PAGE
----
Ch. 2 Hamilton and National Finances key the Big Idea



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Ch. 7.2 - Hamilton and National Finances KEY

The Big Idea

Treasury secretary Alexander Hamilton developed a financial plan for the national government.



Main Ideas

  • Hamilton tackled the problem of settling national and state debt.

  • Thomas Jefferson opposed Hamilton’s views on government and the economy.

  • Hamilton created a national bank to strengthen the U.S. economy.


Main Idea 1:
Hamilton tackled the problem of settling national and state debt.


  • Treasury secretary Alexander Hamilton’s biggest challenge was paying off the national debt—money owed by the United States.

  • The United States owed $11.7 million to foreign countries and $40.4 million to U.S. citizens who had purchased bonds from the government to help finance the war.

  • Hamilton planned to pay foreign debt first, and all debt at full value.

  • Some politicians, including Thomas Jefferson, opposed the plan, but Hamilton went ahead with it.

States’ Debts

  • States owed $25 million for Revolutionary War expenses.

  • Hamilton wanted the federal government to pay part of the states’ debts to help the national economy.

  • The South did not want the federal government to pay states’ debts.

  • Hamilton won the South’s support by getting northern approval to move the national capital from Philadelphia to Washington, D.C.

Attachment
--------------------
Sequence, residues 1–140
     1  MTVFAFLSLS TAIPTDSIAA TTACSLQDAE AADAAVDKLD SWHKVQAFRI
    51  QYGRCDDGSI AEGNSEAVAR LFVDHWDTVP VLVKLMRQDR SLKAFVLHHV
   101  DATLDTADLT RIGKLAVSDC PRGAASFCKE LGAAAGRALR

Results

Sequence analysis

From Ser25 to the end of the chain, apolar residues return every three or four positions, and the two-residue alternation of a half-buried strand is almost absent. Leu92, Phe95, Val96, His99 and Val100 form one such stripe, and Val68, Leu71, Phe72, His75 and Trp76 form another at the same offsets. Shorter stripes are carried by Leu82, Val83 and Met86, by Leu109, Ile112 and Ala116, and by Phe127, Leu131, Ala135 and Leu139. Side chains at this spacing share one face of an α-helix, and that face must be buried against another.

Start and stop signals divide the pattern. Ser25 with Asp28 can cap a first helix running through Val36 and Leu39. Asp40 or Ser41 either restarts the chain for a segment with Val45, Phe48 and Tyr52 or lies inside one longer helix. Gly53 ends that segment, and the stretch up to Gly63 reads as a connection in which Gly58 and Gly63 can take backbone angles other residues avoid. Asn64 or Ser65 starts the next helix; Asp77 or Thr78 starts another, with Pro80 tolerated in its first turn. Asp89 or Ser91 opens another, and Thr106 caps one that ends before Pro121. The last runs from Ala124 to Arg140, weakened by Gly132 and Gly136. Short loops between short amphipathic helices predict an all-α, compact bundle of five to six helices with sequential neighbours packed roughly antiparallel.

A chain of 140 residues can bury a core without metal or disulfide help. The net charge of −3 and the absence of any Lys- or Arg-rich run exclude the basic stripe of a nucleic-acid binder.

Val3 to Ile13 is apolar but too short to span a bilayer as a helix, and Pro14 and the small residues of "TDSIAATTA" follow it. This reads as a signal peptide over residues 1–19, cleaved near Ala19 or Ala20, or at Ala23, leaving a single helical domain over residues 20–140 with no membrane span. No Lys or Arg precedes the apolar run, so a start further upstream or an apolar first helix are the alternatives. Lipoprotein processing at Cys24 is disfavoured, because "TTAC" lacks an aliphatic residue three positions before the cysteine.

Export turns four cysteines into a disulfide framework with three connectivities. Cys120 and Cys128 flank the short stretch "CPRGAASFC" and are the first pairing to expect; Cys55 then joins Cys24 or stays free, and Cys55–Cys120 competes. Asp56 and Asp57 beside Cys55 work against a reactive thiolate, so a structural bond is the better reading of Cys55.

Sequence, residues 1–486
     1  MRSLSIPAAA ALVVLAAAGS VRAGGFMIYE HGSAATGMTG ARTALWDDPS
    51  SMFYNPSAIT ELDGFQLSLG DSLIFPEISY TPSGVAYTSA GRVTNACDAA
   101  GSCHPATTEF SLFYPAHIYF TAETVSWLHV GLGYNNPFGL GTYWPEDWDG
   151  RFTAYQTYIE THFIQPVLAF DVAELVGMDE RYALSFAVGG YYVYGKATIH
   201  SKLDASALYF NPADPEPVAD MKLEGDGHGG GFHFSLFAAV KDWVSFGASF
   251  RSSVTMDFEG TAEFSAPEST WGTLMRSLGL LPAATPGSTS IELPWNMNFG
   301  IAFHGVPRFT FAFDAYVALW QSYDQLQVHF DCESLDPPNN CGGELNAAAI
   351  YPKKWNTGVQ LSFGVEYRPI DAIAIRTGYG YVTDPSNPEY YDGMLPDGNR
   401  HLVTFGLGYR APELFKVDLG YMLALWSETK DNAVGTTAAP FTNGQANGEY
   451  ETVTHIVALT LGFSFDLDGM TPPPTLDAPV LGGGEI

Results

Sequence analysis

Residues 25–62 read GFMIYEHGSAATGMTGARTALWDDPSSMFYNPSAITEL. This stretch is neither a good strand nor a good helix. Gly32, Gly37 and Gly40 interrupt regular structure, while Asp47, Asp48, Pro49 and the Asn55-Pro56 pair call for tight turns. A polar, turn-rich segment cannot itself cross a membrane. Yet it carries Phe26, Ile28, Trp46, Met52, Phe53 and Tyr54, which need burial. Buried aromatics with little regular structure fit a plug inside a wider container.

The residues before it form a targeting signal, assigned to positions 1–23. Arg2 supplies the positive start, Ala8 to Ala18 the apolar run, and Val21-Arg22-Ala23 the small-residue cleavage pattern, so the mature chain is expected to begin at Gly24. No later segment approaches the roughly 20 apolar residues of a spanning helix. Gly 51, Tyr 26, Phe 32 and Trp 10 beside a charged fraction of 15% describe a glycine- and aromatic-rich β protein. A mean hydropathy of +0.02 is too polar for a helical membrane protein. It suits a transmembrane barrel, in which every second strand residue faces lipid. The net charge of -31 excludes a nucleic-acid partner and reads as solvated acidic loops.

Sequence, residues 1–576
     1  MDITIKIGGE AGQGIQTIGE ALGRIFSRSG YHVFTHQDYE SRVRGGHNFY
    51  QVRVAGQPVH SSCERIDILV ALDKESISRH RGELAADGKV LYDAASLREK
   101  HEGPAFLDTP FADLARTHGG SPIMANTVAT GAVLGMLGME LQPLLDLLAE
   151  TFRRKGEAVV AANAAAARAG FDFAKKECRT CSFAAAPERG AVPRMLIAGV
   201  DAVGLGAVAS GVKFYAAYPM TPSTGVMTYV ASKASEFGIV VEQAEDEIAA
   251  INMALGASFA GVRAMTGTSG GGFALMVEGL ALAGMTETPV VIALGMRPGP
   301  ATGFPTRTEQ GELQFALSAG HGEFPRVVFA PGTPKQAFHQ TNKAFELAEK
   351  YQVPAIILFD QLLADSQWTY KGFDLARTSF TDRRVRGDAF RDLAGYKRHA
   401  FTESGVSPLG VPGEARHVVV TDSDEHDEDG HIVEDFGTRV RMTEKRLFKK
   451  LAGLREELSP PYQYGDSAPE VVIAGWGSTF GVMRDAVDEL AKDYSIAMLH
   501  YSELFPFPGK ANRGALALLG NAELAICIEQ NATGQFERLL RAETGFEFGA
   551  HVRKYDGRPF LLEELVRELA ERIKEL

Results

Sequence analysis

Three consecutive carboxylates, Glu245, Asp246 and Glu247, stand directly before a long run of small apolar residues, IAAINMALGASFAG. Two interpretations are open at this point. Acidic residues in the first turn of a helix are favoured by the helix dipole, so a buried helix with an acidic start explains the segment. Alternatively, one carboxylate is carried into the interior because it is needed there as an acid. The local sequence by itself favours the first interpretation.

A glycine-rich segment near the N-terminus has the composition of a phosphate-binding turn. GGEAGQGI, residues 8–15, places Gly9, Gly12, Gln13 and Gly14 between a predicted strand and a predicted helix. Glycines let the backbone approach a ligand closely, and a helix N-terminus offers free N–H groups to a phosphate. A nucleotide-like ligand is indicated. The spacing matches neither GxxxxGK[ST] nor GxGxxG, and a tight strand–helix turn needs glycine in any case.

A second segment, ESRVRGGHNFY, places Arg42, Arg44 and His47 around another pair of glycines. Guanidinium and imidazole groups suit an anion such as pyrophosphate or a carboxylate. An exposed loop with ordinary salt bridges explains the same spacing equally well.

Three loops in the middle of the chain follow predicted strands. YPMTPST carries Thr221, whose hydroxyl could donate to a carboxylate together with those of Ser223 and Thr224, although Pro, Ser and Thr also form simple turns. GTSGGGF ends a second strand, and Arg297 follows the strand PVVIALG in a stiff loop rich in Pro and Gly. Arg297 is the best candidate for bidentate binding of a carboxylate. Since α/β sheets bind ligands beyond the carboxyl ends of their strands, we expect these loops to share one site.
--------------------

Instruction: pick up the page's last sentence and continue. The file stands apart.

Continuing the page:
Main Idea 2:
Thomas Jefferson opposed Hamilton’s views on government and the economy.

Hamilton’s Views

  • Believed in a strong central government

  • Wanted a balance of power between the “mass of people” and wealthier citizens

  • Wanted to promote manufacturing and business

  • Wanted higher tariffs on foreign goods to protect American manufacturers


Jefferson’s Views

  • Wanted to protect the states power

  • Believed in the right of “the people” to rule the country

  • Supported agriculture and farmers

  • Wanted lower tariffs to keep costs low for goods farmers bought


Main Idea 3:
Hamilton created a national bank to strengthen the U.S. economy.


  • Hamilton wanted a national bank in which the government could safely deposit its money.

  • The bank would also make loans to the government and to businesses.

  • Hamilton knew that states’ rights supporters would oppose his idea.

  • He suggested limiting the bank to a twenty-year charter.


Bank’s Opponents and Supporters

Opponents

  • Jefferson and Madison said Hamilton’s economic plans gave too much power to the national government and that the Constitution did not give Congress the power to create the bank.

  • They favored a strict construction view of the Constitution— the government should do only what the Constitution says it can do.


Supporters

  • Hamilton believed in a loose construction view of the Constitution—the government can take actions the Constitution does not forbid.

  • President Washington and Congress agreed with Hamilton that the bank would provide stability for the U.S. economy.

  • The Bank of the United States— the country’s first national bank —was chartered in 1791.



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